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Not in my yard, residents say about power line's route

PINE ISLAND — Penny Robinson tried to steady her emotions before a microphone Wednesday at the American Legion hall in Pine Island.

In retirement at her rural Oronoco home "I was looking forward to sitting by the pond and reading some good books. What I wasn't planning on was CapX2020 smashing my dream to bits, and destroying the quality and safety of my existence," she said.

Robinson was among about 200 people who packed the Legion hall to register comments and questions about the routing of the massive CapX2020 power transmission line that has been cleared to run through the Rochester area en route to the Kellogg area and Wisconsin.

The Pine Island meeting was one of three held this week by the Minnesota Office of Energy Security to gather public comments on a draft environmental impact statement that is key to determining the power line's final route.

The first meetings was Tuesday in Plainview, with 30 residents in the afternoon and 60 in the evening. An afternoon session in Pine Island drew 85. Two more sessions were scheduled for today, at 1:30 p.m. and 6:30 p.m. in the Cannon Falls High School auditorium.


The state Public Utilities Commission approved the need for CapX2020 in 2009, and the plan survived a court battle. What remains to be determined is the route.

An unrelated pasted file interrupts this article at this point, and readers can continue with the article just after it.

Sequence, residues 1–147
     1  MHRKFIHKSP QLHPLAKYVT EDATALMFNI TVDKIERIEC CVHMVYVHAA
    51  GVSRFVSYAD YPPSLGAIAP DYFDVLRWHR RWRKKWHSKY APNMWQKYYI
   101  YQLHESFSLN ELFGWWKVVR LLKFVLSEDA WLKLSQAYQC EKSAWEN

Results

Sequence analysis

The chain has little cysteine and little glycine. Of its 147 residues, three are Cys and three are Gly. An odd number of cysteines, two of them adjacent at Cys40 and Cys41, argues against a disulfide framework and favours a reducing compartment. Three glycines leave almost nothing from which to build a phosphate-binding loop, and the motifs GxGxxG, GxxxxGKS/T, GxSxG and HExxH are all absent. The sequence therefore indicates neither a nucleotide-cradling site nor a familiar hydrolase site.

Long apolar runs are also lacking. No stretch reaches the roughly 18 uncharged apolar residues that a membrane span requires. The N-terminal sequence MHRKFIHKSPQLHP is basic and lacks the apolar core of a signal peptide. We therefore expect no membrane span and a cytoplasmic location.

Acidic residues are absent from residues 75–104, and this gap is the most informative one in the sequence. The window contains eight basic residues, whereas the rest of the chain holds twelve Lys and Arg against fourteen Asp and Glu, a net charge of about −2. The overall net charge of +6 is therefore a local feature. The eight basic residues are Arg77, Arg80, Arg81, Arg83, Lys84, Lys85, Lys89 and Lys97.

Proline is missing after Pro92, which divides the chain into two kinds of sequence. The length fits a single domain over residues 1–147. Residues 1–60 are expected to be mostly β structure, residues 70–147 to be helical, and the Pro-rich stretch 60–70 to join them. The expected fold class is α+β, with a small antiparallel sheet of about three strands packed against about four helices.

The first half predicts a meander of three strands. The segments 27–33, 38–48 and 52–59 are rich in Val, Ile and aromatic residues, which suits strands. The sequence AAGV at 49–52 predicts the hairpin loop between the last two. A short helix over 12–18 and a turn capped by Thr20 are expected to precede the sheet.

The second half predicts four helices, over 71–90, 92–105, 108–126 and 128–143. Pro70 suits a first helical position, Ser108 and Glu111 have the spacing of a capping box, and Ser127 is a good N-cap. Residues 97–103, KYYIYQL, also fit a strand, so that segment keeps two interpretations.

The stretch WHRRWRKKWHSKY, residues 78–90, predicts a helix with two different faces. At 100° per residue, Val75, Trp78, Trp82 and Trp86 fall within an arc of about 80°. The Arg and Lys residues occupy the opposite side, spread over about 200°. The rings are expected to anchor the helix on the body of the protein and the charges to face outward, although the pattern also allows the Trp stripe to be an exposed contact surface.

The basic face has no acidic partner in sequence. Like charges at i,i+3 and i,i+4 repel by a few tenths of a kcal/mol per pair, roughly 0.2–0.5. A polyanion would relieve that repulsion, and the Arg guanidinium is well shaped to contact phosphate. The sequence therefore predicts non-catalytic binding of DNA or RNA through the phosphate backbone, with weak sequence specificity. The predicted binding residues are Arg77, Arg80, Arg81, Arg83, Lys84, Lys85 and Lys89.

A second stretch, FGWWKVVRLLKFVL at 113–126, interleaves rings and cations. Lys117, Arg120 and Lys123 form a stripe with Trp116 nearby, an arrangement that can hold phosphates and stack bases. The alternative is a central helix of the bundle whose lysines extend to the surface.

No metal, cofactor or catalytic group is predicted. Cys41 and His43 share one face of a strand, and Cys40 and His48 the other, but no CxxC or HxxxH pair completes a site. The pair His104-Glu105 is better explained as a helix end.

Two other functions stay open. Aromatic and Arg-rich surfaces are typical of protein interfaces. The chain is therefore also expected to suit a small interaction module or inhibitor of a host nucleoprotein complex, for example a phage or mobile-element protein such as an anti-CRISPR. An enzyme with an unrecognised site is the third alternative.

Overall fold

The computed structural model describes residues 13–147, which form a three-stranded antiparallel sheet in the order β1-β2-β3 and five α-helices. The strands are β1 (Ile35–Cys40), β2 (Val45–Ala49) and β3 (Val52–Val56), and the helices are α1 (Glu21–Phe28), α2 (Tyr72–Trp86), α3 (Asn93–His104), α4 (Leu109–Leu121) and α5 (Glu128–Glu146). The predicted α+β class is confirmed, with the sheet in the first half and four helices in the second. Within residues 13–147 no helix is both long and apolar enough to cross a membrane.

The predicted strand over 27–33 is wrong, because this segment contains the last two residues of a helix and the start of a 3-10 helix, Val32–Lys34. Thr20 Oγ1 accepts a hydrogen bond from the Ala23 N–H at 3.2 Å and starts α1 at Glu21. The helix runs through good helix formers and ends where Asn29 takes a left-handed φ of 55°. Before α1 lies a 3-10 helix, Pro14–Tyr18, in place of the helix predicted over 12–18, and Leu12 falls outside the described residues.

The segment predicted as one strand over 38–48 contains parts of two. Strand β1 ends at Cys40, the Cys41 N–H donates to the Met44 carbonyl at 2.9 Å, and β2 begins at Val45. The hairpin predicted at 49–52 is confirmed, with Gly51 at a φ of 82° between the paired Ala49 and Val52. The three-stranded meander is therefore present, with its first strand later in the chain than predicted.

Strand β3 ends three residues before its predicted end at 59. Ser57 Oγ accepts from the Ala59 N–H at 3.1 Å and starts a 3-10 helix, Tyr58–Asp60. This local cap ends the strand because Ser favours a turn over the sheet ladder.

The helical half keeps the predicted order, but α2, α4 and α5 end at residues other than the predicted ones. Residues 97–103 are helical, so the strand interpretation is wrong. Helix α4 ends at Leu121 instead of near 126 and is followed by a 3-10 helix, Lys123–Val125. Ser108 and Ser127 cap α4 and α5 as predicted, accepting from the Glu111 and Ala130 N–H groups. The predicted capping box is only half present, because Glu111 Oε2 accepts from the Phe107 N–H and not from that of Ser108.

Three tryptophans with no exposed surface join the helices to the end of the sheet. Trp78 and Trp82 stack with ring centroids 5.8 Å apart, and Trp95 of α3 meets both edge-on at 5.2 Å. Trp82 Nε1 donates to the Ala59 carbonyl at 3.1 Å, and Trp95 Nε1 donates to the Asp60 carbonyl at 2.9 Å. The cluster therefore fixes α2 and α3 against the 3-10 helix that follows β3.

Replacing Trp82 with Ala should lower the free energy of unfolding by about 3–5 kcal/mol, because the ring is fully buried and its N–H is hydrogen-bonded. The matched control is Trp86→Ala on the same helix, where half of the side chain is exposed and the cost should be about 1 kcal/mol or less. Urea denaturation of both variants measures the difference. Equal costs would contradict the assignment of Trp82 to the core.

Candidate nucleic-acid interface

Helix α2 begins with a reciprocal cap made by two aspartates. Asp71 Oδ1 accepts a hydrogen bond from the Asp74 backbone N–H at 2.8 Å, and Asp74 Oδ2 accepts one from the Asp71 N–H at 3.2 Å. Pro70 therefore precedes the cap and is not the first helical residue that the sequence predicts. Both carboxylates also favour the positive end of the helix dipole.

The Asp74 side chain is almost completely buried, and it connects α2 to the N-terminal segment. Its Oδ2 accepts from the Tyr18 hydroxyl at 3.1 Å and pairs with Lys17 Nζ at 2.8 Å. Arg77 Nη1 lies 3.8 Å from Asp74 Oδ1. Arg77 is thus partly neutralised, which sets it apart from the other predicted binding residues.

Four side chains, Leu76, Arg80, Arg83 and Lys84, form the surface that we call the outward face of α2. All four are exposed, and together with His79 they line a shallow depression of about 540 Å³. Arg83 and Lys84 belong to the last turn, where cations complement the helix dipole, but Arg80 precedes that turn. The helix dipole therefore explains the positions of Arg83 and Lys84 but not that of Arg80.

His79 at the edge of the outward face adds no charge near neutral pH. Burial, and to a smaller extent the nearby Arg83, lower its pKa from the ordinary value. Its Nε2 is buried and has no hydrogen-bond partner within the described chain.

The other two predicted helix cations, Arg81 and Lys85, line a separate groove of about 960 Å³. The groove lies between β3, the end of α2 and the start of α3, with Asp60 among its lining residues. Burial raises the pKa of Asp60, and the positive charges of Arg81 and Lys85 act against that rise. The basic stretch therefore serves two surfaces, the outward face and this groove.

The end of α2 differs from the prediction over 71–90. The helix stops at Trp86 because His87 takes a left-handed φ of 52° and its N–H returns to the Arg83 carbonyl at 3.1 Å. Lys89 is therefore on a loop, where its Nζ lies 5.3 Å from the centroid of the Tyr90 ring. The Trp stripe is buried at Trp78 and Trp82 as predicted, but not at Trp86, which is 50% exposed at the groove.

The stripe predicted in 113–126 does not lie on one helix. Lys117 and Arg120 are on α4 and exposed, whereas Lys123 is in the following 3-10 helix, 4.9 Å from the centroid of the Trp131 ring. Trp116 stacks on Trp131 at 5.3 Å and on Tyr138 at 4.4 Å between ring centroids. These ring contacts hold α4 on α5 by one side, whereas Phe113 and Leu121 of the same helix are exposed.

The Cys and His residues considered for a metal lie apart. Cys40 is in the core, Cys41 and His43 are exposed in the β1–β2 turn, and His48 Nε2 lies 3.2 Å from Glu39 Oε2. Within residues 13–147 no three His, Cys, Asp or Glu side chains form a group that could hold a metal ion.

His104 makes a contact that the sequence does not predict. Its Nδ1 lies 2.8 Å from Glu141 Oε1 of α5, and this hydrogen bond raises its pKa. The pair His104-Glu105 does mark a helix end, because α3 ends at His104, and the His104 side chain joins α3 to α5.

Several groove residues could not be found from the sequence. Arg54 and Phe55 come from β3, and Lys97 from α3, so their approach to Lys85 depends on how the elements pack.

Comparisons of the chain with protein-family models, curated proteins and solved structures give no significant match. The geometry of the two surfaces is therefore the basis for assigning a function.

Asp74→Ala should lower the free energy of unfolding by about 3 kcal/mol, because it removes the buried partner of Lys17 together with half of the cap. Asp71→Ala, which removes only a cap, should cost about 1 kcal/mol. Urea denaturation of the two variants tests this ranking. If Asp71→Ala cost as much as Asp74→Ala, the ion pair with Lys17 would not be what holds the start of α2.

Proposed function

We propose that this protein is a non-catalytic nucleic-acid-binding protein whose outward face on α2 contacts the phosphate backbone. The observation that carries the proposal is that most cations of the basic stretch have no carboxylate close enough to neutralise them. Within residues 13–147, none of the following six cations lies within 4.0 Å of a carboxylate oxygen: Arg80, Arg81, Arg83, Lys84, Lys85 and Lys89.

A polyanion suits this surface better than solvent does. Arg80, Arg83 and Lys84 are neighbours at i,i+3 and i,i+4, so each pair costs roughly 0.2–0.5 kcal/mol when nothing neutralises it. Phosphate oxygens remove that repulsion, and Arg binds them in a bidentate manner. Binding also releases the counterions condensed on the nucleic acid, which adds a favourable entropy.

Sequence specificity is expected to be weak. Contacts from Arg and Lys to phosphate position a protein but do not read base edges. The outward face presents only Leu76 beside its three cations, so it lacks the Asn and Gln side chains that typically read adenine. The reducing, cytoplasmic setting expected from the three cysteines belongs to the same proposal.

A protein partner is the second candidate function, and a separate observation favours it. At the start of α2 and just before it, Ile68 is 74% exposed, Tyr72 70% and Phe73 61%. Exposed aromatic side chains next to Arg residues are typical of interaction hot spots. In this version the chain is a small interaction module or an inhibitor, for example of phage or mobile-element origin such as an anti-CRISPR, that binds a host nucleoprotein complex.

Some 62 alternative route segments from Hampton to Kellogg "are under equal consideration at this point," said Matthew Langan, a state Office of Energy Security planning director who conducted the meeting.

Five utilities are involved with the Hampton-to-Kellogg project, three of which — Southern Minnesota Municipal Power Agency (SMMPA); Rochester Public Utilities; and Wisconsin-based Dairyland Power Cooperative, which supplies energy to People's Cooperative — serve customers in Rochester and surrounding areas. Xcel Energy also is a part of CapX2020.

Oronoco Township recently hired a team of Twin Cities lawyers to attempt to get the line routed north of it.

"Our opinion is that (Oronoco Township) is the least-desirable route, based on the number of homes affected and the impact on property values," said Mark Thein, an Oronoco Township supervisor.

Several residents at the Wednesday night meeting questioned why the power line isn't being routed along U.S. 52 through Rochester, then east to the Mississippi River along Interstate 90. (Most of the CapX2020 route from Hampton to Zumbrota is along U.S. 52.)

Langan said the power line will need a 150-foot right of way, and such a corridor isn't available in Rochester. A route along I-90 to La Crosse, Wis., would be prevented by a U.S. Fish and Wildlife Area, the steep grades and otherwise difficult terrain in the bluff country of extreme southeastern Minnesota, he said.

The CapX2020 line will carry power generated by a number of sources, including wind, coal and nuclear, said Tom Hillstrom, CapX2020 permitting manager.


"It will benefit the whole region," he said, "but the impact is focused on a few people. And you really can't blame them — it's a big burden to bear, and that's why you see this number of people show up and the level of emotion.

"You're never going to find a route that makes everyone happy, so you find a route that minimizes impact."

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